Sunday, January 20, 2008

Wild Eagle Chase

Eagle in Today NewspaperI just saw in Tuesday's Today Newspaper, an article about how this guy found two white-bellied sea eagles in his house and went on a Wild Goose Chase, trying to find the correct government agency to help him get it out of his house. So he called the MND, which directed him to AVA, which told him to contact the NEA. He also tried calling the Zoo, which told him to call the Jurong Bird Park.

Why I find this article amusing, is because I went through the exact same thing last year. We found in the seminary a white-bellied sea eagle that had injured its wing. My first thought was to call the Jurong Bird Park, who told me to call the AVA, they in turn told me to call the NEA. who told me to call the birdpark, and was surprised when I told them, that I had called them first and was finally referred to them. In the end, one of the seminarians, brought the bird to one of our neighbours who brought it to a vet.

The reflection of this whole "wild eagle chase" is the question of whether we know who we can turn to in terms of an emergency. I remember one incident in the past, where a homeless young man came looking for help. We tried calling various place, but couldn't find a place that would be able to help him. We did get similar referrals to "try this other place, they might be able to help". I did learn of places for runaway girls, unwed mothers and abused wives though.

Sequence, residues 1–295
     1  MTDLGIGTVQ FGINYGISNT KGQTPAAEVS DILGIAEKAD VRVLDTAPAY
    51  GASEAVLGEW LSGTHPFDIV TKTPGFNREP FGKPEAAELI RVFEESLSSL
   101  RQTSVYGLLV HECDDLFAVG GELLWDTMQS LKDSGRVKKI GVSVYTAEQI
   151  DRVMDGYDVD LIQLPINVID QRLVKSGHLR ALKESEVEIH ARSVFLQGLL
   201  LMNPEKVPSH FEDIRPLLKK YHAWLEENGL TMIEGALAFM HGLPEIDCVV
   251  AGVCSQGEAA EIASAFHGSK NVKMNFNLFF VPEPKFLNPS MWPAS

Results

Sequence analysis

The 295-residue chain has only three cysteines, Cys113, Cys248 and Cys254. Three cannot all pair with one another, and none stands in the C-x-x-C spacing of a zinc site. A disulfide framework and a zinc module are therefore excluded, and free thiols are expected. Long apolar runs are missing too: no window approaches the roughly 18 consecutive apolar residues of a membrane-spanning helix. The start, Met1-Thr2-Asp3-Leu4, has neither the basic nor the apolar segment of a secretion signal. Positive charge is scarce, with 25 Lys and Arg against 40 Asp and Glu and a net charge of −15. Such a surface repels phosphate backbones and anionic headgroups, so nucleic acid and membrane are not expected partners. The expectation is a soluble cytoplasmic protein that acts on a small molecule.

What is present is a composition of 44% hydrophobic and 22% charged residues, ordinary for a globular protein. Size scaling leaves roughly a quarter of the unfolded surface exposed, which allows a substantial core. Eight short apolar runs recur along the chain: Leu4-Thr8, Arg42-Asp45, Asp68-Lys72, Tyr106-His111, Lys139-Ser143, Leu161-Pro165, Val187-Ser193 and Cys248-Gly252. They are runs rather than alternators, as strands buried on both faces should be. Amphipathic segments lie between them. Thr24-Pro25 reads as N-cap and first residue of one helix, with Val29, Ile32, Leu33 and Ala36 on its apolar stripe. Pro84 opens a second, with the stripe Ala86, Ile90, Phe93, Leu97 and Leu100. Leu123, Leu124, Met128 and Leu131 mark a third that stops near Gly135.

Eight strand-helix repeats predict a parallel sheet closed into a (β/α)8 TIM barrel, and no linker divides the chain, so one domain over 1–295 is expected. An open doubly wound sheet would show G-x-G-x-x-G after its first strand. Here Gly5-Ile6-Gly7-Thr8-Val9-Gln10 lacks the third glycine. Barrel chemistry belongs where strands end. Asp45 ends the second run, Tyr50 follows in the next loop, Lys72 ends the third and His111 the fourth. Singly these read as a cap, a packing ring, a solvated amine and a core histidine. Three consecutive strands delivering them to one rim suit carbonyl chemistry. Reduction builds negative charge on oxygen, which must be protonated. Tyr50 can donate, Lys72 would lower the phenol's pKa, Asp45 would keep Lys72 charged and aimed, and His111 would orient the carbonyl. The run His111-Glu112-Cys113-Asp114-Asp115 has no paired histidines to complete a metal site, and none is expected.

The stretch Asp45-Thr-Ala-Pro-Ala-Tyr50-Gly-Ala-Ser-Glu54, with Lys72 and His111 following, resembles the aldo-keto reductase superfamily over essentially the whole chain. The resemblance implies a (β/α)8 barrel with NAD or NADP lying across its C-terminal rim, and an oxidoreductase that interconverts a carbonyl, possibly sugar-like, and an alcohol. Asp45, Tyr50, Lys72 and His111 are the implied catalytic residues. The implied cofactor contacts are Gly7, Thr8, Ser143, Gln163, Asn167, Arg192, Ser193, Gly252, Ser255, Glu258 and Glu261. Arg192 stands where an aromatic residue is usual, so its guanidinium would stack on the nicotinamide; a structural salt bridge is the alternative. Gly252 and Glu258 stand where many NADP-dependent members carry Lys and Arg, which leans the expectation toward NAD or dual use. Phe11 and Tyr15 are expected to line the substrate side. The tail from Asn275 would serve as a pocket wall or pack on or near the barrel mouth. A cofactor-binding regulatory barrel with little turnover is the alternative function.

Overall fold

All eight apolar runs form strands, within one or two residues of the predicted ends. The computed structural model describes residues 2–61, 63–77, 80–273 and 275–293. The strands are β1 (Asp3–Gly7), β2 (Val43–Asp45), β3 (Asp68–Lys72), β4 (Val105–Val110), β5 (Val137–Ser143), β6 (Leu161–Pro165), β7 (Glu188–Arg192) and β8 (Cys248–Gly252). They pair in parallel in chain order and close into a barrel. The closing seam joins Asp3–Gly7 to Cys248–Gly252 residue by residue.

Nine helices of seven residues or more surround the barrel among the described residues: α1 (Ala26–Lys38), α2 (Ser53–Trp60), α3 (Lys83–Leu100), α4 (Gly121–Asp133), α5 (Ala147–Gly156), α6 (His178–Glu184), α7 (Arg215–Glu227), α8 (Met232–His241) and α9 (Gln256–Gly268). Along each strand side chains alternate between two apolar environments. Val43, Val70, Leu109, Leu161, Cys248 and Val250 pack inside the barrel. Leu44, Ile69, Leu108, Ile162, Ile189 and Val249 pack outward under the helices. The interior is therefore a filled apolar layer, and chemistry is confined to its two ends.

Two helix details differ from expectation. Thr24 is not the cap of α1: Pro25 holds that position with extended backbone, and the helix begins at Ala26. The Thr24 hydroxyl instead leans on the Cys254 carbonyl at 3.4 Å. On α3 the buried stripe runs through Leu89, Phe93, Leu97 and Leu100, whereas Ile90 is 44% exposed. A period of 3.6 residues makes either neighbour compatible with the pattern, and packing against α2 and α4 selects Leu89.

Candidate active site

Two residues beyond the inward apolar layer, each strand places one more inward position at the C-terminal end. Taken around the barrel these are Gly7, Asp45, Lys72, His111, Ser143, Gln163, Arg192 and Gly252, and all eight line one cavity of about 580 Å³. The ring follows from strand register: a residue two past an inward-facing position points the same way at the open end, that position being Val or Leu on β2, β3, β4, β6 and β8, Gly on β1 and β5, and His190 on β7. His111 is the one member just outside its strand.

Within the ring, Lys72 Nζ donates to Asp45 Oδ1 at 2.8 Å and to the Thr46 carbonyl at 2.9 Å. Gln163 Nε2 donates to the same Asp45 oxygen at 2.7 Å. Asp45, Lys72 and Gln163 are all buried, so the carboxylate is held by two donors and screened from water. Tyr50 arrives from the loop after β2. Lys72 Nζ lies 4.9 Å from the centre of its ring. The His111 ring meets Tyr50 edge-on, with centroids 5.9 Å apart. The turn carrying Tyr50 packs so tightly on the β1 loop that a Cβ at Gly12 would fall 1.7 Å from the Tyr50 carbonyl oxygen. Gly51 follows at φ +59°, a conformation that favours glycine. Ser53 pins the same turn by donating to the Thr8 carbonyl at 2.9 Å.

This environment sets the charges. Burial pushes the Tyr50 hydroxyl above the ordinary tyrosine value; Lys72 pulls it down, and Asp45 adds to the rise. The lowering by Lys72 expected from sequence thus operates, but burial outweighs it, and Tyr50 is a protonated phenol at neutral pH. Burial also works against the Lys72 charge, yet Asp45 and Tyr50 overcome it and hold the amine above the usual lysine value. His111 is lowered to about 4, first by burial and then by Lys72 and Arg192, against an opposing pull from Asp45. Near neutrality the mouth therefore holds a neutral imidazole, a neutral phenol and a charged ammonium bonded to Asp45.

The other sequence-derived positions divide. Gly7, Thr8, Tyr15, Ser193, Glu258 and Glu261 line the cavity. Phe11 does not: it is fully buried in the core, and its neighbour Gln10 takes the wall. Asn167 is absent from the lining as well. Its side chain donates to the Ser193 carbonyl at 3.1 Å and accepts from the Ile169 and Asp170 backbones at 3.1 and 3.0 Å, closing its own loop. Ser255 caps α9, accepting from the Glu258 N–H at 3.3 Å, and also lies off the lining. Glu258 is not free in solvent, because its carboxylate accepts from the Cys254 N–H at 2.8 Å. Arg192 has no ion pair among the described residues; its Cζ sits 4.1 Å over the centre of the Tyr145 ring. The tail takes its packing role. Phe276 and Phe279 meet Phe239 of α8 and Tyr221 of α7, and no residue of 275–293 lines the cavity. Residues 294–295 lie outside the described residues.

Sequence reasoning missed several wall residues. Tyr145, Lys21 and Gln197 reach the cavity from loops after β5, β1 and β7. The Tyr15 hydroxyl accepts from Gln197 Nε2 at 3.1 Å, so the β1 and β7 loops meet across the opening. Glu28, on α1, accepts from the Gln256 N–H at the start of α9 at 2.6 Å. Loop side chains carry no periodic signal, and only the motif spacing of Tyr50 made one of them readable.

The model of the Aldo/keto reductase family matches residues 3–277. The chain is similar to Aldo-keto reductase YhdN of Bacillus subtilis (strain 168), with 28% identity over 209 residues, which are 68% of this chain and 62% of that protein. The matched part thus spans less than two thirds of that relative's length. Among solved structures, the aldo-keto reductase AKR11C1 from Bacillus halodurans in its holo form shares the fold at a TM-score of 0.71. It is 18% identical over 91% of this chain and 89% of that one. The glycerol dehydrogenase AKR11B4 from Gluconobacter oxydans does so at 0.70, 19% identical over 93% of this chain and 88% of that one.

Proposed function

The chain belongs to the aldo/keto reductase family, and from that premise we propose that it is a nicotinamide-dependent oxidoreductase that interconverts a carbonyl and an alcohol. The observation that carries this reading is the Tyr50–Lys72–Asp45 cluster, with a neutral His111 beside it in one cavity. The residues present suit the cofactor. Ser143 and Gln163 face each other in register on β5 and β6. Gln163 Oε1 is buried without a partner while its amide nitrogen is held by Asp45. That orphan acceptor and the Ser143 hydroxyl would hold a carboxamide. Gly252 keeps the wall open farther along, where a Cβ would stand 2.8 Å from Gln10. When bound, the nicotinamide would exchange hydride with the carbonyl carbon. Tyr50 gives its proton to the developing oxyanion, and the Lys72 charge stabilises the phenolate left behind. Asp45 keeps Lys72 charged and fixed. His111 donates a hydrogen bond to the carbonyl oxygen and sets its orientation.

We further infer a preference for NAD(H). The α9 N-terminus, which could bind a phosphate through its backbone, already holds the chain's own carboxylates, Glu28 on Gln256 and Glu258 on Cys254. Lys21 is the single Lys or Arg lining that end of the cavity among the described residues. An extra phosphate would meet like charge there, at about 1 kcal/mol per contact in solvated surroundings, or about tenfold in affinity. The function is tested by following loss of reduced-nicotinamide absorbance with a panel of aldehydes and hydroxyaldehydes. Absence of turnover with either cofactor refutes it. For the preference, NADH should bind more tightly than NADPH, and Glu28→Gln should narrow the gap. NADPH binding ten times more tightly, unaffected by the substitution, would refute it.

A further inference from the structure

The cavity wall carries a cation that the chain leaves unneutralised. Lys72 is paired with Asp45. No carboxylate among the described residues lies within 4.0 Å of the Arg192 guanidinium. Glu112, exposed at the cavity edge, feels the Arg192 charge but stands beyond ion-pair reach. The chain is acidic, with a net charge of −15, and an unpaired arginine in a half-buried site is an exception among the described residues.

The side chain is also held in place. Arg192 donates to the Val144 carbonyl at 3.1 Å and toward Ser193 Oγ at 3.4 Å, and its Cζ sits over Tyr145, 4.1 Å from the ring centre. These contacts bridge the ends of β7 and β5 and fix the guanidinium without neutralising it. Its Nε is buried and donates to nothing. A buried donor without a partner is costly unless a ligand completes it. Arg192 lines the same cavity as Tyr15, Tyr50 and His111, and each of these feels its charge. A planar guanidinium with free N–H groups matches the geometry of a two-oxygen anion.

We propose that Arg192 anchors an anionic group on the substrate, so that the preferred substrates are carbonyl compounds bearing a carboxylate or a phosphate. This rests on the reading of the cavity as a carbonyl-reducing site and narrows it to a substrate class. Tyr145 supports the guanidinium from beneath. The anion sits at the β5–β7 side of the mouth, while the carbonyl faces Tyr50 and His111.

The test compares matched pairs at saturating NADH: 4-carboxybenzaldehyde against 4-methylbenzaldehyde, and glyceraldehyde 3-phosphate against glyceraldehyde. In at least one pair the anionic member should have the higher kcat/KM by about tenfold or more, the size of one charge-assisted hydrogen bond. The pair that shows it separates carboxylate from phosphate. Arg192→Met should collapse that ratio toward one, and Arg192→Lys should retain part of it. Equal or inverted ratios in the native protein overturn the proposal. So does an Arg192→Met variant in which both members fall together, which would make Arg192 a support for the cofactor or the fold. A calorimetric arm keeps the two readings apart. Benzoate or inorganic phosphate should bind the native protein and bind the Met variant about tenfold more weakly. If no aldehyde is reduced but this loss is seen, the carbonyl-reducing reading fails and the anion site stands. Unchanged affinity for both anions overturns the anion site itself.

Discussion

It would be a great help in ministering to those in need, if we know who and what are the resources that people can turn to for their various needs in life. And in the past few years on this journey, I have encountered many such people and organisations, that help the deaf, rehabilitate ex-cons and drug addicts, provide nursing care, journey with the dying and their families, help migrant workers who are cheated by their employers, provide free meals for construction workers, and even bereavement services.

Many of them do run awareness and publicity programs, to educate and promote the services to the public, but sadly, we normally only take notice when we have a problem, I know I'm guilty of it. So hopefully, I will now be more aware of how and what is being done to help those in need.

Wednesday, January 16, 2008

Everybody is looking for you

In today's gospel (Mk 1:29-39), one line struck me. Simon and the other disciples telling Jesus that Everybody was looking for him. And yet Jesus decides to "ignore" these people and move to another town. But only today did it strike me, that although the disciples were referring to the people of the town they were in, the "everybody" was really a reminder, that there were more people who were looking for Christ, waiting to hear him and experience him. Which is why Jesus said "Let us go on to the nearby villages that I may preach there also. For this purpose have I come."

It is a strong reminder for me, to be more open to the many people who are looking for God. Or actually more to the fact that everybody is looking for God. This adds on to something that Fr Simon said to me when we went for the school missions earlier this month. He said that in our ministry, it is not always about helping people to find God. Sometimes we need to help people that they are searching for God in their lives. As someone once said, we all have a God-shaped hole in us, and because we feel that emptiness, we try to fill that hole. And yet not many people realise that